In Kazakstan we offer to do the dishes after the party, and the host always refuses. We do it anyway, but there is usually this game of negotiating. You do not put your guest to work. Here I was surprised by the eagerness of my American hosts to accept my help with cleaning up. For them, that was another sign of my “feeling at home” with their family.

The concept of “tea” is also quite different in the American culture, as I have discovered. Here to invite someone for “tea” or to offer someone “tea” means to sit around the table with food, sometimes lots of food, and have a casual talk. Hours and courses of dishes may pass before the actual ‘tea” arrives. “Tea” is a whole meal in a Kazak home. Besides, we never ask our guests if they would like tea. We just assume if they are in our homes, we are to give them “tea”.

I was visiting a wonderful American lady in her home, and she asked me if I would like some tea. I hesitated first, but then agreed, thinking it would be nice to have some time to talk and get to know each other better over a light meal. Never had my meal been lighter! As I was sitting on the couch in the living room, I was offered a steaming cup with a Lipton tea bag in it. I had to learn to readjust my expectations and my notions of hospitality: it takes different forms; it is not good or bad, just different. To put my readers at ease, this lady has become my very good friend and has showered me with her hospitality (both the American and Kazak way) over the years. We laugh about our first encounter.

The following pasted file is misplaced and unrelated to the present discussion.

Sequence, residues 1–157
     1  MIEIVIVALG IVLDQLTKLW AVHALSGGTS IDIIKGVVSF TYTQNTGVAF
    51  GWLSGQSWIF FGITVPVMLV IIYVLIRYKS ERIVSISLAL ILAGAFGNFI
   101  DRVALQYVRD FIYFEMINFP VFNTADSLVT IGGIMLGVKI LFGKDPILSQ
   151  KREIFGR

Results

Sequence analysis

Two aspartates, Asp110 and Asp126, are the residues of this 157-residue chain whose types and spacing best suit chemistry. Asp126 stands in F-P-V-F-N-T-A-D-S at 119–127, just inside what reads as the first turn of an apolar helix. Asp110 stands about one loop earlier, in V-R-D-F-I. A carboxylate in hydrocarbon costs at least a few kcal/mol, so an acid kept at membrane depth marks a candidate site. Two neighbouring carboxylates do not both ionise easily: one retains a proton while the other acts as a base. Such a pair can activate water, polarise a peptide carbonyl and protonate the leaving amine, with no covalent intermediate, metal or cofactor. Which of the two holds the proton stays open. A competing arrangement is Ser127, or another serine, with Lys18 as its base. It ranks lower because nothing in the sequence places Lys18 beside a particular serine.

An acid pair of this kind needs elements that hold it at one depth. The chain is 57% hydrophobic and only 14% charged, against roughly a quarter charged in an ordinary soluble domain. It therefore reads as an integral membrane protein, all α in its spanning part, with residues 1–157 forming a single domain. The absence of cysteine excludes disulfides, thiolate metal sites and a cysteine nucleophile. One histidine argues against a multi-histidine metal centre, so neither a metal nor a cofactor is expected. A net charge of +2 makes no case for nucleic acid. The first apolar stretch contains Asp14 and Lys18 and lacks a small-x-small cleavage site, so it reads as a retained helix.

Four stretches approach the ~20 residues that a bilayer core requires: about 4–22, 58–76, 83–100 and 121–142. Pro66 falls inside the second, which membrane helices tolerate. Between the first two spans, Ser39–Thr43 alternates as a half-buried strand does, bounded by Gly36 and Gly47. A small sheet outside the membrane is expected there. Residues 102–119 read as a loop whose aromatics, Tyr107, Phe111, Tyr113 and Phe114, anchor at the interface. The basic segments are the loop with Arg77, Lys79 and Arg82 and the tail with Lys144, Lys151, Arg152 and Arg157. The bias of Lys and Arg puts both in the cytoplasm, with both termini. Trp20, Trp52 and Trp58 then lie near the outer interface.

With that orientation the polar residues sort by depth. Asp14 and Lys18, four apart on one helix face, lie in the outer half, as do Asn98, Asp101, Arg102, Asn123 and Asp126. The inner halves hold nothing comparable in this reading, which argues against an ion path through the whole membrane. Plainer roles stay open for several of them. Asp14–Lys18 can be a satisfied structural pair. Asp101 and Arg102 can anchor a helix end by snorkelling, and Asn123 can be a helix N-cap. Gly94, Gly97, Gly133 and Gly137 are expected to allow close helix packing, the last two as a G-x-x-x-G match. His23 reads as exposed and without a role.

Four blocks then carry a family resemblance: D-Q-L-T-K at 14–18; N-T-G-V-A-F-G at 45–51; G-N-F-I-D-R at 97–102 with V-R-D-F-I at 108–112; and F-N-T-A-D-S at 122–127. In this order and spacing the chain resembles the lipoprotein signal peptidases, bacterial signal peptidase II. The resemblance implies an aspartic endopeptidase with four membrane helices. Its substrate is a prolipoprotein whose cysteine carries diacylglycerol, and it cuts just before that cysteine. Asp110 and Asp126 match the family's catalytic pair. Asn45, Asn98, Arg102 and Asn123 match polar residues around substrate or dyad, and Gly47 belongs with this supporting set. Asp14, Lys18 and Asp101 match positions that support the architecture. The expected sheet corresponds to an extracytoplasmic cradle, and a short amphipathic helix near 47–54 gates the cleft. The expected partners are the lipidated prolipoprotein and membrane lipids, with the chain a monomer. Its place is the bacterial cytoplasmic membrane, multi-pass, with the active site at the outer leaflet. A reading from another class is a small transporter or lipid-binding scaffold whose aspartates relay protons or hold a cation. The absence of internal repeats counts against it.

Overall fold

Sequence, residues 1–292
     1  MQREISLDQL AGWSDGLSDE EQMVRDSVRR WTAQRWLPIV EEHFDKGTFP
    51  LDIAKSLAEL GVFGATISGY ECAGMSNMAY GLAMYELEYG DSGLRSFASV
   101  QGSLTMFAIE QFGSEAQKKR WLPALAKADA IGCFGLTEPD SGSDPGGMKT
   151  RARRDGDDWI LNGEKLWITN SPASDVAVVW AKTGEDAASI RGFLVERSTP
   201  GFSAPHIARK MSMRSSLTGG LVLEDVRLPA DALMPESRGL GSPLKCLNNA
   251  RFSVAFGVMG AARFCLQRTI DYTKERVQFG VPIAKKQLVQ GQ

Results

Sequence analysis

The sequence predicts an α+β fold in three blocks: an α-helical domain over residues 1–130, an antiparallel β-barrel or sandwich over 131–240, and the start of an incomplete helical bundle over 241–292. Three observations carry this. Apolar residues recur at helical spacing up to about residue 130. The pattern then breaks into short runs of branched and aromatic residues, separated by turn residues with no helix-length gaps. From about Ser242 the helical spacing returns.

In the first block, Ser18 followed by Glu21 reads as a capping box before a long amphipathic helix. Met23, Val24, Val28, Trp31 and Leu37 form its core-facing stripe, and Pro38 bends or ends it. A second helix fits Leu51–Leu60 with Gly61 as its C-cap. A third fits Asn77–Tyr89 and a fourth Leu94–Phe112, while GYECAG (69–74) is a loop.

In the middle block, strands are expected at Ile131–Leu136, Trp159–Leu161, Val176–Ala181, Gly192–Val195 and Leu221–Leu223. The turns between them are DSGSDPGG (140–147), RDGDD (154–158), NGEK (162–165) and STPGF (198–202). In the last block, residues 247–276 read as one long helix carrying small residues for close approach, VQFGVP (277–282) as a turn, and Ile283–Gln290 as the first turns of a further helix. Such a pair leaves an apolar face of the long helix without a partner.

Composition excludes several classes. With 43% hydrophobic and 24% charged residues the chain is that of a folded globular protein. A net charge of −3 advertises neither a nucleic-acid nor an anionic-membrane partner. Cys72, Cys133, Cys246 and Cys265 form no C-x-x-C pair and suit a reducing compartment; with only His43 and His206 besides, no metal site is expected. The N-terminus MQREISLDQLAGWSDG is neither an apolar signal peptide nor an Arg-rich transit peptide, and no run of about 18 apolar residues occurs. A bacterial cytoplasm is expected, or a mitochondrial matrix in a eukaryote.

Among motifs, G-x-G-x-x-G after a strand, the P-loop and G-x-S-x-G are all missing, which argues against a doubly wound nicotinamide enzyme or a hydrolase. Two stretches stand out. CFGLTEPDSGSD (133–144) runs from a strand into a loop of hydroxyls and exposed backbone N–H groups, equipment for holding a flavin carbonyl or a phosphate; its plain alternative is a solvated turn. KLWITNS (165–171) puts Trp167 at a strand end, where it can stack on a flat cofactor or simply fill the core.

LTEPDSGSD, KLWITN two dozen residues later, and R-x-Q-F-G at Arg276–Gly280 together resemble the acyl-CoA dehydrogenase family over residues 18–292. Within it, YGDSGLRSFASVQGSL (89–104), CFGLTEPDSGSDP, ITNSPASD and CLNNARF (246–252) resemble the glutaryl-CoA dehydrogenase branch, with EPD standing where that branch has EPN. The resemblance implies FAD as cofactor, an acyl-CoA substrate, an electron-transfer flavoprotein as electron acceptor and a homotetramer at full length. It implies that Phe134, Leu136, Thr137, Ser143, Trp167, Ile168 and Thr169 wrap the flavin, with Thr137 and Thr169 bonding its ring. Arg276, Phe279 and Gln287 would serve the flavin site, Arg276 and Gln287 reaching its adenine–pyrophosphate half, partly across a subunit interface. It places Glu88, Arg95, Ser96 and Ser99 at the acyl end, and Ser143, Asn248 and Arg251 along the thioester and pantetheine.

Here is an example of me breaking the space rules, which is also from my time in the USA. I was enrolled in my first semester in an American university. I went to the campus bookstore to buy textbooks. In Kazakstan we stand in lines closer to each other than in America. When I was ready to pay, I went to what I thought was the end of the line. However, I accidentally cut into the line because the space between people was bigger than what I am used to, and I assumed that was where the line ended. Having caught some indignant stares and remarks, I withdrew and found the end of the line. I felt very embarrassed. As I was getting closer to the cashier, I came too close and was told to go behind the line on the floor. I had not even noticed that line! I was devastated: after ten years of formal instruction in English I made such a fool of myself. I am fluent in English and many times can be passed for a native speaker, but I still miscommunicate, because having learned the language in an EFL context, I naturally transfer the behaviors appropriate in my own culture into my interaction in English unless I have learned the difference.